The introduction of the pressure medium, preferably a pneumatic medium, causes the membrane 25 to expand in the direction of the ring radius and to meet the internal surface 13′ of the cup-shaped cap 13 in compressive contact. If the membrane 25 were configured as merely a toroidal elastic hose, a possibility that lies within the scope of the invention, then the area of compressive contact with the internal surface 13′ would be reduced to almost no more than a narrow ring line on the internal circumference of the cup-shaped cap 13. By giving the membrane 25 the shape of a relatively wide ring cushion as illustrated and explained, using in particular a contour radius R approximately equal to the ring diameter D, one obtains the benefit of a wide contact surface and thus a snug sealing contact between the membrane 25 and the internal surface 13′. This has a twofold advantage: First, the load-transmitting member 9 is immobilized by the compressive frictional contact. This fulfills the purpose of arresting the scale, which is desirable during periods when the scale is not in use. Second, the tight contact prevents dust or other forms of contamination from entering through the opening 10 into the interior of the scale housing 1. Even the cup-shaped cap 13 by itself has a significant protective effect (including when the scale is in operation), because contaminating material can enter only by migrating first upwards through the gap between the membrane 25 and the internal surface 13′ and then downwards along the inner surface of the ring-shaped support body 22. Thus, the cup-shaped cap 13 forms a kind of labyrinth or dust baffle that is also effective when the scale is in an operating state. Thus, in a fortunate combination, the membrane 25 combines the functions of an arrestment device and of an effective barrier against contamination of the interior of the scale housing 1. To avoid subjecting the force transducer 4 to radial forces that could be caused by the push of the membrane 25 against the cap 13 and thus against the load-transmitting member 9, the internal diameter of the cup-shaped cap 13 is dimensioned slightly larger than the diameter of the widened head portion 12, so that there is radial play between the cap and the head portion.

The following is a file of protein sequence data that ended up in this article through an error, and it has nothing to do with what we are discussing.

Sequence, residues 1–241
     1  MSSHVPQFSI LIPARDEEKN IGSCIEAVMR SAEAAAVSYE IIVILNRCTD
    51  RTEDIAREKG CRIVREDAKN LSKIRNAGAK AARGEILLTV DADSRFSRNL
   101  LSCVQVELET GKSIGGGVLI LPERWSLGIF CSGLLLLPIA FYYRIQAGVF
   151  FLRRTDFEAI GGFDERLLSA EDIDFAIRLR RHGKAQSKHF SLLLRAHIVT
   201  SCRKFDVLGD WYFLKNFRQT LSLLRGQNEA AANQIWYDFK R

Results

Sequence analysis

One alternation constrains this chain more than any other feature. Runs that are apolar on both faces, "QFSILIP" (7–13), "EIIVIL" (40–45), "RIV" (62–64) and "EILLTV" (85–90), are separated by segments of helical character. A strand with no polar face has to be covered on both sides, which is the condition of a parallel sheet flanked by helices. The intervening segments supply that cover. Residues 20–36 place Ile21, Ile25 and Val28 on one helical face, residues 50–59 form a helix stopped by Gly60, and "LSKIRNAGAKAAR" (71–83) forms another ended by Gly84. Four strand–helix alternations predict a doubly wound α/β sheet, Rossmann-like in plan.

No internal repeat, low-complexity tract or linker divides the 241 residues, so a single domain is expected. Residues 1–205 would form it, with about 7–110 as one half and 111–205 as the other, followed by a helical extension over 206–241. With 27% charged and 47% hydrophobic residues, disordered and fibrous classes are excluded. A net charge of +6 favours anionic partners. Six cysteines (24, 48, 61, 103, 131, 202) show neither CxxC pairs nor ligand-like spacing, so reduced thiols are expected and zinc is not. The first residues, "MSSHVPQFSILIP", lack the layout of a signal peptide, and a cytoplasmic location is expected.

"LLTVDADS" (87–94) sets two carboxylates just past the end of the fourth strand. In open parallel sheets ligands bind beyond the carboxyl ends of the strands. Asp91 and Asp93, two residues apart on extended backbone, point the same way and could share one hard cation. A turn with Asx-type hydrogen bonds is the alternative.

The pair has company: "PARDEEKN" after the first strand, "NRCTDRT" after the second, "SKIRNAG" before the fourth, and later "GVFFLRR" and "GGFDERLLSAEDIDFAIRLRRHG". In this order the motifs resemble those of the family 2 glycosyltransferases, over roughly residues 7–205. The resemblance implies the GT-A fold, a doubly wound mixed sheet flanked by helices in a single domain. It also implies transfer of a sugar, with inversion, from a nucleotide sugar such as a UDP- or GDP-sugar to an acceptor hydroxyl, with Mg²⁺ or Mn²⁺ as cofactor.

FIG. 3 illustrates a variant version of the detail II of scale 2 with a further developed labyrinth baffle. The flange 20 is replaced by a raised wall portion of the housing 1 around the load-transmitting member 9. The ring-shaped support 22 is supplemented by a cup 22′ extending outwards from the underside of part 22 and surrounding the part 22 at a distance. The cup-shaped cap 13 in FIG. 3 has two concentric walls with the wall of the cup 22′ rising up between them. The labyrinth baffle formed by the two concentric walls and the cup 22′ provides a high degree of protection against the entry of contaminating particles.
To return a scale to an operative state after it has been arrested by expanding the elastic element requires primarily a reversal of the expansion of the elastic element, i.e., of the membrane 25. In principle, this could be accomplished by a device that releases the pressure on the clamping plate 24 for a short time interval to allow air to escape from the membrane 25. A better solution is to provide a switchable valve V that allows air to be let off, e.g., by way of an air-outlet conduit 42 that leads to the outside. Of course, an air-outlet conduit for this purpose can be arranged in any number of ways, and FIG. 1 only gives a schematically simplified indication. For example, the air-outlet conduit could be arranged so that it would at the same time serve to blow away dirt that may have accumulated near the load-transmitting member 9.
The switching valve V can be operated by a manually or automatically operated actuator 43, as indicated in FIG. 1. An automatically operated actuator can, e.g., include a switch that is synchronized with the control of a conveyor belt running across the scale 2. With this arrangement, the arrestment can be automatically released at the same time as the scale is turned on, whereby malfunctions are avoided.
Numerous modifications are possible within the scope of the present invention. In particular, an elastic device can be designed so that the scale is at all times in an arrested condition and is only released when activated to perform a weighing. This can be achieved, e.g., if the elastic device has an inactive condition where it maintains contact engagement between the fixed part and the movable part and is contracted prior to performing a weighing process, whereby the fixed part and the movable part are uncoupled from each other. In practical terms, the elastic device can consist, e.g., of a ring-shaped hose that can be made to collapse by evacuating the air from it.